Elizabeth J Marsh

Summary

Affiliation: Duke University Medical Center
Country: USA

Publications

  1. pmc Memorial consequences of testing school-aged children
    Elizabeth J Marsh
    Department of Psychology and Neuroscience, Duke University, Durham, NC 27708 0086, USA
    Memory 20:899-906. 2012
  2. doi request reprint Using verification feedback to correct errors made on a multiple-choice test
    Elizabeth J Marsh
    Department of Psychology and Neuroscience, Duke University, Durham, NC 27708 0086, USA
    Memory 20:645-53. 2012
  3. ncbi request reprint Part-set cuing effects in younger and older adults
    Elizabeth J Marsh
    Department of Psychology, Washington University in St Louis, St Louis, MO, USA
    Psychol Aging 19:134-44. 2004
  4. ncbi request reprint Test-induced priming of false memories
    Elizabeth J Marsh
    Psychology and Neuroscience, Duke University, Durham, North Carolina 27708 0086, USA
    Psychon Bull Rev 14:479-83. 2007
  5. ncbi request reprint The memorial consequences of multiple-choice testing
    Elizabeth J Marsh
    Department of Psychology, Duke University, Durham, North Carolina 27708 0086, USA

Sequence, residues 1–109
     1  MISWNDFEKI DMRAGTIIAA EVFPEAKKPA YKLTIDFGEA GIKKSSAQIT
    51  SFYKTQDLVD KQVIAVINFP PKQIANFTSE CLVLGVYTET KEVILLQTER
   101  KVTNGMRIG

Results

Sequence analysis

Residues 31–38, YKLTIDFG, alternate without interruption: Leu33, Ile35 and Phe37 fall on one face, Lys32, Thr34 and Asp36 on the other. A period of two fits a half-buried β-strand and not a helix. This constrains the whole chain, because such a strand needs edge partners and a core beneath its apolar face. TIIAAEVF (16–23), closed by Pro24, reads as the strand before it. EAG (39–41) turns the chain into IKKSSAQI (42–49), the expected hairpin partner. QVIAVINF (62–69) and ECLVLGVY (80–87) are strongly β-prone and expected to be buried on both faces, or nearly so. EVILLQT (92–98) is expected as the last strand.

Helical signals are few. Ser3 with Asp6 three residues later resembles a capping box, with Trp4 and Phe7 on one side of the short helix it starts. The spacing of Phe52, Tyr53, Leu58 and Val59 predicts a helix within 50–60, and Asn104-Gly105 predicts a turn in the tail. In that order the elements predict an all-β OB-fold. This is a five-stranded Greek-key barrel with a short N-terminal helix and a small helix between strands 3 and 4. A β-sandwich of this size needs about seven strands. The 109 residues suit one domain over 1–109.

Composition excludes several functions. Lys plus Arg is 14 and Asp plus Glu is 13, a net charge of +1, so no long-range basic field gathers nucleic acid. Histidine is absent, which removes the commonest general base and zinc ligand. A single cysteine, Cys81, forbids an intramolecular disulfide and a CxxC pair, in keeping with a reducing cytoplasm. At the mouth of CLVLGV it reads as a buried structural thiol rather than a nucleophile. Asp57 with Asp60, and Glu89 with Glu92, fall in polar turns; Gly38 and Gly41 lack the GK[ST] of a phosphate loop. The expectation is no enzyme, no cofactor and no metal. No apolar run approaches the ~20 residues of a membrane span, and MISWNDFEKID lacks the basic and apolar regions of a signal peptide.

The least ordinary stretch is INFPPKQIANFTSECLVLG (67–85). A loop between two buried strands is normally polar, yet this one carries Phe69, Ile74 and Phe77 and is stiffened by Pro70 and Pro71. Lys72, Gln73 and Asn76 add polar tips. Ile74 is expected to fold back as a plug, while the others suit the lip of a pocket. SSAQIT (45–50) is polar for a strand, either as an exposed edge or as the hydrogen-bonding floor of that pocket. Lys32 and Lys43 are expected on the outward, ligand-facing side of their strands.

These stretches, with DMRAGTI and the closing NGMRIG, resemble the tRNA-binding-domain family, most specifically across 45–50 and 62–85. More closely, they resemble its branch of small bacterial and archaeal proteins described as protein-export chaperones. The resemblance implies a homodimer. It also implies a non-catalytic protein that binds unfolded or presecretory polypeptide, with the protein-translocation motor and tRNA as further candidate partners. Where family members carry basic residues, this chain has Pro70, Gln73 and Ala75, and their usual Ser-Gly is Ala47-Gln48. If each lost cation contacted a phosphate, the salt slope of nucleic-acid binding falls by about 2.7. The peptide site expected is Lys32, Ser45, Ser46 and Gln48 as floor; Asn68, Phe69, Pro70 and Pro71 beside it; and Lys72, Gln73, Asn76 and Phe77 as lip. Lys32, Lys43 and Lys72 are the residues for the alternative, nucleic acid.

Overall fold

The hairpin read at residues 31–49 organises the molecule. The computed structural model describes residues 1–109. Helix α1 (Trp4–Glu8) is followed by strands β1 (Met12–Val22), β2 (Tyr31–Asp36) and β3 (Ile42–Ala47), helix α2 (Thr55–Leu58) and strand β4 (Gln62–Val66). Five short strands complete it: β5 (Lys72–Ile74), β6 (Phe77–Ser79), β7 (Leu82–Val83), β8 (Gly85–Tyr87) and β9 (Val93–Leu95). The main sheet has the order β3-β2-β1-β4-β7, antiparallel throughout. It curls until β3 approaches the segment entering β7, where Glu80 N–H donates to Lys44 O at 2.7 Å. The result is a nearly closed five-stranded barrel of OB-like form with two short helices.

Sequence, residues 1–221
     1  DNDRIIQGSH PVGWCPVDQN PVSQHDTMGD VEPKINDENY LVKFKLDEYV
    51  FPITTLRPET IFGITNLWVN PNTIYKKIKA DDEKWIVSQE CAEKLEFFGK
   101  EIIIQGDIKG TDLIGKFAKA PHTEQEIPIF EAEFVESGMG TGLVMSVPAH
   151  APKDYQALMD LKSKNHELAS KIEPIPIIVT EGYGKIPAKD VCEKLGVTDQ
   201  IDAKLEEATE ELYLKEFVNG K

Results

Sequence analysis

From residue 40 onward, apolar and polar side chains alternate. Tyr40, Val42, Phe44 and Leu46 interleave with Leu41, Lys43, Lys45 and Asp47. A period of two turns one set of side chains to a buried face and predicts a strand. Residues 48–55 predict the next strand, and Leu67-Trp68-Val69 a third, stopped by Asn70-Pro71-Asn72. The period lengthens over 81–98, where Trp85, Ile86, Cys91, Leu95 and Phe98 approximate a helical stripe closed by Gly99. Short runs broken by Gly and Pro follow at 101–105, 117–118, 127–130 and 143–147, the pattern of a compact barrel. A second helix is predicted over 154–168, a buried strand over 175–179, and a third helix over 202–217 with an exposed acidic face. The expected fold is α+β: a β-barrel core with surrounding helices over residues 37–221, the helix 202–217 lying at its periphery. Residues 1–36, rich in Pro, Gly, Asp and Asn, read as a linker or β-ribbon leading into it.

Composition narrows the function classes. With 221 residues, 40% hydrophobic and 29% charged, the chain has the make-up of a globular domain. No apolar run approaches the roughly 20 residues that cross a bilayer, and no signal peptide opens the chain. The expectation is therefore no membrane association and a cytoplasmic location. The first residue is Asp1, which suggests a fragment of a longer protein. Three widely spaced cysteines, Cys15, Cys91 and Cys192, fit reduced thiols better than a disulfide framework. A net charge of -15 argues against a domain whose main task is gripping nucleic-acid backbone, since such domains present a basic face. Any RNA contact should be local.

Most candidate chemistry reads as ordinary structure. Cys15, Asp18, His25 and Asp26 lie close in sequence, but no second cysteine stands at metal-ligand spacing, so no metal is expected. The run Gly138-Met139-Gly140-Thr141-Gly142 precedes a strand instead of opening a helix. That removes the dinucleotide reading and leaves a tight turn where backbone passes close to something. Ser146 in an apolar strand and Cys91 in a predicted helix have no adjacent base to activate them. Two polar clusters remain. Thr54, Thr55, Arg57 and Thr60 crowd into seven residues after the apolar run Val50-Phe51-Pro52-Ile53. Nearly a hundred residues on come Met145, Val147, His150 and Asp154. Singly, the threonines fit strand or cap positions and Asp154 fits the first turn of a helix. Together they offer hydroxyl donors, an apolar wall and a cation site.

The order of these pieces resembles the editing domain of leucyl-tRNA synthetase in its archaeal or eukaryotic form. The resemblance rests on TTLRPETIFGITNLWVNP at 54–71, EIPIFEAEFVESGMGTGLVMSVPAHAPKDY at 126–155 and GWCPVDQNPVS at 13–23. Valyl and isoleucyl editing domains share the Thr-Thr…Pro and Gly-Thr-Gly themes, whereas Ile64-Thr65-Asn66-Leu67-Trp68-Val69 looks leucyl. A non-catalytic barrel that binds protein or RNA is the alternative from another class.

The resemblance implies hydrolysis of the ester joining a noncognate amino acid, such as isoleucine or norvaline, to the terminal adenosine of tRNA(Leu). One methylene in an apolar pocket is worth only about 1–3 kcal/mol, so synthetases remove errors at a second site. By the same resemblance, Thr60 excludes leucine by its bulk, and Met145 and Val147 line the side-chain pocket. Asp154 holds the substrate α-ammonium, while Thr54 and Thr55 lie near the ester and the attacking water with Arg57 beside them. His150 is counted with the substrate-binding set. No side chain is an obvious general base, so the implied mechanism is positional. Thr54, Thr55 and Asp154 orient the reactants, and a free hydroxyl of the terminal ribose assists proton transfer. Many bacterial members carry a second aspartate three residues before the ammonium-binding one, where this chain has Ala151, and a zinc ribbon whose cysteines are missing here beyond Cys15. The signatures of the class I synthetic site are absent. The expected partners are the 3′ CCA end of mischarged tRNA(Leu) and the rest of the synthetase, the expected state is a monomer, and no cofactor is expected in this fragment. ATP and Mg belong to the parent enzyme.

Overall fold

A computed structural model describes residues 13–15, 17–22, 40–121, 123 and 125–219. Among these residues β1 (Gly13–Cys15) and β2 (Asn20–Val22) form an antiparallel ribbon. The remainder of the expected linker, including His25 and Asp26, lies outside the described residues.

Psychon Bull Rev 14:194-9. 2007
  6. doi request reprint Memorial consequences of answering SAT II questions
    Elizabeth J Marsh
    Department of Psychology and Neuroscience, Duke University, 9 Flowers Drive, Durham, NC 27708, USA
    J Exp Psychol Appl 15:1-11. 2009
  7. ncbi request reprint Learning errors from fiction: difficulties in reducing reliance on fictional stories
    Elizabeth J Marsh
    Psychology and Neuroscience, Duke University, 9 Flowers Drive, Box 90086, Durham, NC 27708 0086, USA
    Mem Cognit 34:1140-9. 2006
  8. ncbi request reprint When does generation enhance memory for location?
    Elizabeth J Marsh
    Psychology and Neuroscience, Duke University, Durham, NC 27708 0086, USA
    J Exp Psychol Learn Mem Cogn 32:1216-20. 2006
  9. doi request reprint Memory and the Moses illusion: failures to detect contradictions with stored knowledge yield negative memorial consequences
    Hayden C Bottoms
    Department of Psychology and Neuroscience, Duke University, 9 Flowers Drive, Durham, NC 27708 0086, USA
    Memory 18:670-8. 2010
  10. ncbi request reprint Learning facts from fiction: effects of healthy aging and early-stage dementia of the Alzheimer type